Brennan O’Connor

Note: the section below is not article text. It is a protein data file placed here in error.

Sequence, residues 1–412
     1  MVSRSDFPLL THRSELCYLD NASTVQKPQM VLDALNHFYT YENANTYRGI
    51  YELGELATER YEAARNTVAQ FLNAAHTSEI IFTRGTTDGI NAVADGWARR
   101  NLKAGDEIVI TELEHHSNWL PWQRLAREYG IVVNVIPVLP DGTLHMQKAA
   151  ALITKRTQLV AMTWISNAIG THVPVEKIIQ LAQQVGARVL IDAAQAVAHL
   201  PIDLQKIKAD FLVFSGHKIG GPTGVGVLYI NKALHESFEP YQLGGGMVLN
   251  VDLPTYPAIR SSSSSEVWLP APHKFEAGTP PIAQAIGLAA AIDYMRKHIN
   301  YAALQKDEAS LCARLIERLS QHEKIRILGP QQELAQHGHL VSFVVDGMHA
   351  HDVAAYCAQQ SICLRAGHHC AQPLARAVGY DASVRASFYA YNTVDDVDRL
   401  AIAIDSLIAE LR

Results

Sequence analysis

[gallery type="slideshow" ids="96081,96082,96083,96084,96085,96086,96087,96088,96089,96090,96091,96092"] The multi-ethnic residents of Naung Kan leprosy colony in eastern Shan State share surprisingly similar stories. After contracting the disease, many were forced to leave their mountain villages in the heartland of the Golden Triangle and wander the countryside on their own—in some cases for decades—until arriving at this colony run by Catholic nuns around 5 miles from Kengtung. After several visits, I became increasingly curious as to how these ethnic minority residents remained so strong after being ostracized from their communities so many years ago. Dramatic photographs that focused on their sometimes startling deformities would naturally evoke pity. But they deserved more than this. These people weren’t helpless victims; they were survivors. Despite their predicament, they were still fiercely independent and retained their pride. Everyone fended for themselves as much as they could manage. Most cooked their own meals and kept their private spaces clean. Some residents raised their own chickens. Others rose each day to work in the colony’s gardens. Burma still reports some 3,000 new leprosy cases annually and the capacity to detect cases in remote or conflict-affected regions remains problematic. The residents of Naung Kan may have lost their place in the world after contracting the disease but, here, they have found a new place to call home.  

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